We all make mistakes

Author: Laura Walker, M.D. @dortzus

This post is a comment on Walker et al. Clinical care review systems in healthcare: a systematic review. Int J Emerg Med. 2018


We all make mistakes.


Most errors are avoidable in some way or another, the trick is figuring out how to do it.  To avoid repeating a mistake, you need to understand why it happened.  To understand why it happened, you need to talk about it.  And talking about it can be very hard to do.


Despite reports on the extent of medical errors1 and the need for increased transparency2 there is not a lot of literature out there exploring what review of a perceived medical error (care review) really looks like, or what it should look like.


Recognizing this gap, we undertook to perform a qualitative systematic review of the current literature on review of adverse events.  We performed a massive search of peer-reviewed literature and identified over 1300 articles that seemed to fit the bill.  In the end this was winnowed down to only 46 articles that were addressing what we were looking for – a description of what the process of exploring errors looks like.


We read through these articles and identified 16 common domains among them:

  • Systems analysis
  • Functional department
  • Educational output
  • Standardized process
  • Structured case classification
  • Feedback from and to the team
  • Human factors assessment
  • Outcome consideration
  • Non-punitive
  • Recognition of excellence
  • Referral process
  • Multidisciplinary
  • Process leadership
  • Reviewer training
  • Case blinding
  • Implementation of improvement recommendations


Wading my way through all these articles helped me better understand the concept of care review, and there are two groupings that I would call out as fundamentally important to understand.


First, there is the systems and processes aspect – the components of review that are very analytical and focus on the facts of the case and guide toward an objective evaluation and recommendations to decrease the chance of the error occurring again.  Second, there are those aspects that lead us to consider the role of human nature both in error and our response to it, in addition to the biases we have when we approach a situation.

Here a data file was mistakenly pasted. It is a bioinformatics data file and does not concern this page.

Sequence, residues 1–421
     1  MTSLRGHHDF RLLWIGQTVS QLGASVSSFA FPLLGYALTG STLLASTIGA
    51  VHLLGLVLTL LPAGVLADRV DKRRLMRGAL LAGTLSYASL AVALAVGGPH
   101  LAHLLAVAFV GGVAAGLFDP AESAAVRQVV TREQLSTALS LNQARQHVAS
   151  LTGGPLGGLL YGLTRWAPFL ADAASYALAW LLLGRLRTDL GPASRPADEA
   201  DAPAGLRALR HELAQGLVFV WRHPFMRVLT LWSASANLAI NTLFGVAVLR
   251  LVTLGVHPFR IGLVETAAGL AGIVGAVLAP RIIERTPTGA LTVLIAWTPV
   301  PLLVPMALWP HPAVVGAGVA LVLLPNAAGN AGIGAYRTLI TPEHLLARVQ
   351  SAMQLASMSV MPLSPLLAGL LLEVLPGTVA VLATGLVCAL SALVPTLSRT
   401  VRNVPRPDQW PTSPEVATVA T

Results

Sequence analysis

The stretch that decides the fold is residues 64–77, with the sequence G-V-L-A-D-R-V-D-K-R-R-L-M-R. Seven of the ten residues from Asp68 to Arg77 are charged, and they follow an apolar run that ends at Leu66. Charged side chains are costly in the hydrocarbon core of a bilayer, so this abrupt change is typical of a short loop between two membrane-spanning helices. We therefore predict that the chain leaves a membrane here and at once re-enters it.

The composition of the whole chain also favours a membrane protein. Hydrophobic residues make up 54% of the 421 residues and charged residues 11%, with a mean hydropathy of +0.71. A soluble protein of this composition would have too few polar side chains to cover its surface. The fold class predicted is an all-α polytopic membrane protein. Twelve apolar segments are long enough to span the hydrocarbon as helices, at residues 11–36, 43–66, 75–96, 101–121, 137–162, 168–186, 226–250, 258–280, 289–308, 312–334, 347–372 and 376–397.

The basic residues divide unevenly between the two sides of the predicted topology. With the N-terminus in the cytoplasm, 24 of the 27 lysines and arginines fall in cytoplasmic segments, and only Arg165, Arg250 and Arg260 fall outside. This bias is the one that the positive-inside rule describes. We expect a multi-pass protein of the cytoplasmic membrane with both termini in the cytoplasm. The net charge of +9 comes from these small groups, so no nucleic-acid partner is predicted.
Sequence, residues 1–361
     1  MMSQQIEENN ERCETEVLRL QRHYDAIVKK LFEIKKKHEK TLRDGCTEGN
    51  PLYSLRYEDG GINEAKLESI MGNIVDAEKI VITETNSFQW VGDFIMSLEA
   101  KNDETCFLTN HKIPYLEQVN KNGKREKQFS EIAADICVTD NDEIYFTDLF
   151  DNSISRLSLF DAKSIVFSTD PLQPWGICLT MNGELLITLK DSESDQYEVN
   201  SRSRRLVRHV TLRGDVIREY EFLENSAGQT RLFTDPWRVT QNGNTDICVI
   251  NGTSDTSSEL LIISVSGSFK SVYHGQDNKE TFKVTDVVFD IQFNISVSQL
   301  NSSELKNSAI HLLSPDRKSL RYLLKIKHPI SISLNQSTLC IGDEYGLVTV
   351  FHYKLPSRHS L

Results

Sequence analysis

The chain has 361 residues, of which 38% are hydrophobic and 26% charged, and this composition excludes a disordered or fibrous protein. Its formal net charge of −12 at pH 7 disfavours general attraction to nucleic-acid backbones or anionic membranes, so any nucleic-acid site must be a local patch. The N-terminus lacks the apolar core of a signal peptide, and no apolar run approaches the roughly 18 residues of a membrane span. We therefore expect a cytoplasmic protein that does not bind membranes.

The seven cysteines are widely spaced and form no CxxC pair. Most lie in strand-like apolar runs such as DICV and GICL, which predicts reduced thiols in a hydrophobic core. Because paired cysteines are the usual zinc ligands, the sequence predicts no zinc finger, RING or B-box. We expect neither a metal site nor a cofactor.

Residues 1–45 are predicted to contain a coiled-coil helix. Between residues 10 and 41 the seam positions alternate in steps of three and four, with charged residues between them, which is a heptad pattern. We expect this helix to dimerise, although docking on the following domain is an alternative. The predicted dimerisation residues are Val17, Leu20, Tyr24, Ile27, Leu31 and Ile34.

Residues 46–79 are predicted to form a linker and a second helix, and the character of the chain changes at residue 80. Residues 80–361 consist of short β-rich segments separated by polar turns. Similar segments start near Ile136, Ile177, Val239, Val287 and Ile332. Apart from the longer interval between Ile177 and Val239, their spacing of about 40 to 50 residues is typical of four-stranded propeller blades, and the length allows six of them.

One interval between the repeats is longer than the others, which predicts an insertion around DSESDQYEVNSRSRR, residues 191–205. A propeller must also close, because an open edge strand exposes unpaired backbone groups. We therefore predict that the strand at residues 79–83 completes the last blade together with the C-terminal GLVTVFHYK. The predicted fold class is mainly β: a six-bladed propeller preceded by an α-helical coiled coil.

The work that I do reviewing care often leads me to consider second-victim phenomenon – the psychological stress that affects the care provider after an error occurs.  Hearing that there are concerns about care you provided strikes fear in to all our hearts.  We need to continue to take care of our own, even as we strive to improve the care we provide for our patients.   Talking about our mistakes can be difficult, but it can also be educational, and from personal perspective and when done well – therapeutic.  And it can make a difference as we implement practice changes in response to concerning events – maybe we develop a process to improve checks on high risk medication doses, or implement a tool to aim for a safer care handoff, or we develop learning modules to highlight high-risk patient presentations.


Systems improvement and education are the goal outcomes after an event, and when a review incorporates the domains we identified in our review, we think that the downstream effect could be a process that fosters engagement and positive change.


(There is always the medico-legal aspect to consider when engaging in care review, check with your local legal team before setting out to make sure you are protected.)



  1. Makary, Martin A and Daniel, Michael, Medical error - the third leading cause of death in the US.  BMJ 2016 May 3; 353:i2139
  2. Kohn L T, Corrigan J M, Donaldson MS (Institute of Medicine) To err is human: building a safer health system. Washington, DC: National Academy Press, 2000

Great work Laura!


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